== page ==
15 June 2011

On frameworks

I'm sure the stats facilities of Blogger could tell me how many people have dropped by this blog, once, and then moved on. I do it all the time, dipping into blogs via RSS feeds. The really interesting ones I subscribe to, but I have to admit that many of them (principally those thrown up by my "teaching+learning+college+practice+teach+reflect" search string) are full of pious jargon-ridden bulls**t. Usually immaculately referenced.

Occasionally I come across sites like this one, or Don Clark's. I'm impressed by the amount of study and thought and experimentation which have gone into Don's ADDIE model. I wish I could be as systematic and organised. I wish I could bring together such an eclectic range of reading as does the author of the other linked site (although it does feel like a required assignment).

A while ago, I was trying to put something together on planning for teaching, and I made some effort to research the topic. Every textbook has something to say about it, and indeed the first pages I wrote for my main site were about how to do it. (You can see it is ancient--I still believed in "learning styles" then!)

In higher education, the most popular approach seems to be Biggs' "constructive alignment" (and here). But see David Jones' blog for a dissenting view-- I'm in awe of his scholarship, too. I'm just not convinced by any of them.

I don't believe anyone actually works like this; that they proceed step by step through a planning checklist or algorithm and eventually end up with a lesson plane or scheme of work of impeccable provenance which they actually implement (other than when they are being observed for assessment or inspection purposes, of course).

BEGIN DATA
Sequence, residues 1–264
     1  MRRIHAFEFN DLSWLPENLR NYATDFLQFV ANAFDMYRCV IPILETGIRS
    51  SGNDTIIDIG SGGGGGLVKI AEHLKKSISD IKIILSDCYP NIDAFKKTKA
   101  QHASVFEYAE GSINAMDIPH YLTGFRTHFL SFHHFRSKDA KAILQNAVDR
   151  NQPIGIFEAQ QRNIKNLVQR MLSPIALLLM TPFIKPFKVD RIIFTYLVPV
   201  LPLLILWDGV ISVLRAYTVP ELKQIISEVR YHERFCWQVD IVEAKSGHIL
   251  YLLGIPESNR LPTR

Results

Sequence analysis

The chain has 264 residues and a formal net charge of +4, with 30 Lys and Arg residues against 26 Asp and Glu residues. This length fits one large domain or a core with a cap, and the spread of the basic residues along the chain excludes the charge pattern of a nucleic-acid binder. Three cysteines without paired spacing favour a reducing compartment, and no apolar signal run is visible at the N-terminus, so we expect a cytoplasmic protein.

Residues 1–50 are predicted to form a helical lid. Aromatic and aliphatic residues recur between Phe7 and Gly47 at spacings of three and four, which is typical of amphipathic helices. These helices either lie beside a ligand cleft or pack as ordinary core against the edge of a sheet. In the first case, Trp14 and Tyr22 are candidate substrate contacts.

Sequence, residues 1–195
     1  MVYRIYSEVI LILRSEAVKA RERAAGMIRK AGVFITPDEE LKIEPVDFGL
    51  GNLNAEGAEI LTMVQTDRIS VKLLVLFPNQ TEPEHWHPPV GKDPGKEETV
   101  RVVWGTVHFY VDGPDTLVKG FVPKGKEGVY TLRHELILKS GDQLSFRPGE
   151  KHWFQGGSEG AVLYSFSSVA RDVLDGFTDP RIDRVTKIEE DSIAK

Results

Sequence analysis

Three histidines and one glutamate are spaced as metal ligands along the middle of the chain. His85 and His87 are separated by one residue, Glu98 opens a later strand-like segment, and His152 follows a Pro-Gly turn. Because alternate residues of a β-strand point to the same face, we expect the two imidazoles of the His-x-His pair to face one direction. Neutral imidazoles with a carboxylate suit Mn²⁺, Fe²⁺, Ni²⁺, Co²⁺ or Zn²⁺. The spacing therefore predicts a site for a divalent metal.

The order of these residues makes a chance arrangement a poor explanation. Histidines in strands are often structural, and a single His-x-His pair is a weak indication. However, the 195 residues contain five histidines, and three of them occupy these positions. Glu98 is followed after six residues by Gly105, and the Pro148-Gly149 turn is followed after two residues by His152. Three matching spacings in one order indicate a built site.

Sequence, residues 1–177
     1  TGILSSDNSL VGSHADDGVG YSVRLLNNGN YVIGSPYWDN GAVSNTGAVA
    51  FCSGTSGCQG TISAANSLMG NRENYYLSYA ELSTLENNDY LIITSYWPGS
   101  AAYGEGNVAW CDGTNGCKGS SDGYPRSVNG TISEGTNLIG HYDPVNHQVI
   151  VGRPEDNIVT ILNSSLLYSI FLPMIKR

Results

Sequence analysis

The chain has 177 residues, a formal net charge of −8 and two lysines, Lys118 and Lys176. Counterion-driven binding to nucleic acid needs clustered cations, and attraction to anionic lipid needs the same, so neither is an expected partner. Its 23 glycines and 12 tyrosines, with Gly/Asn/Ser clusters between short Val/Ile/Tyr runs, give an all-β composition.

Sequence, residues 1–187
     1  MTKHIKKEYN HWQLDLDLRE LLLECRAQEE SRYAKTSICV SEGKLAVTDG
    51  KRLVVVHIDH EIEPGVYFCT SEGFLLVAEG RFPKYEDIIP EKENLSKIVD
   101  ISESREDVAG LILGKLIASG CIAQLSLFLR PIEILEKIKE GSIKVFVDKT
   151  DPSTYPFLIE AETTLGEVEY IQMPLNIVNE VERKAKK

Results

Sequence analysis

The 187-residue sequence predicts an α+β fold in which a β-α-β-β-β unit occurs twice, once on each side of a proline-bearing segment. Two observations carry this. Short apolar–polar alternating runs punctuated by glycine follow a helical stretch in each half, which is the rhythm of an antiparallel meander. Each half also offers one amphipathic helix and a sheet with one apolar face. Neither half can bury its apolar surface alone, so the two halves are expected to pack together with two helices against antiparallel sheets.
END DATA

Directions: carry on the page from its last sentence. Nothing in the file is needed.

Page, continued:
If I try to do that, I come up with something which is deeply boring and/or superficial, and I find myself back-tracking to change earlier stages in order to come up with something I can actually see myself teaching.
Which is a little embarrassing, because I teach this stuff!

And that's another problem, because students keep pressing me for a clear planning procedure.

So I was relieved to come across this (sort of) confession by Dan Ariely. It's not about teaching as such (but it is about how he teaches a subject in response to those demands), it's about marketing, but there are similarities of simplistic prescriptions;

Ariely's full blog posts with comments is here.

(Er--just don't tell my poor students who have to jump through these irrelevant hoops, particularly as they are submitting their final assessments! Although, to be fair, some of the simpler stuff can be justified on the basis of scaffolding, at the start of a career.)

1 comment:

  1. Anonymous8:12 am

    Great post James!

    I feel really sorry for those poor saps you linked to who have put such effort into bringing together detailed systematic plans on the basis of such a wide range of sources, each one without any proven factual basis.

    Castles in the air, bless 'em.


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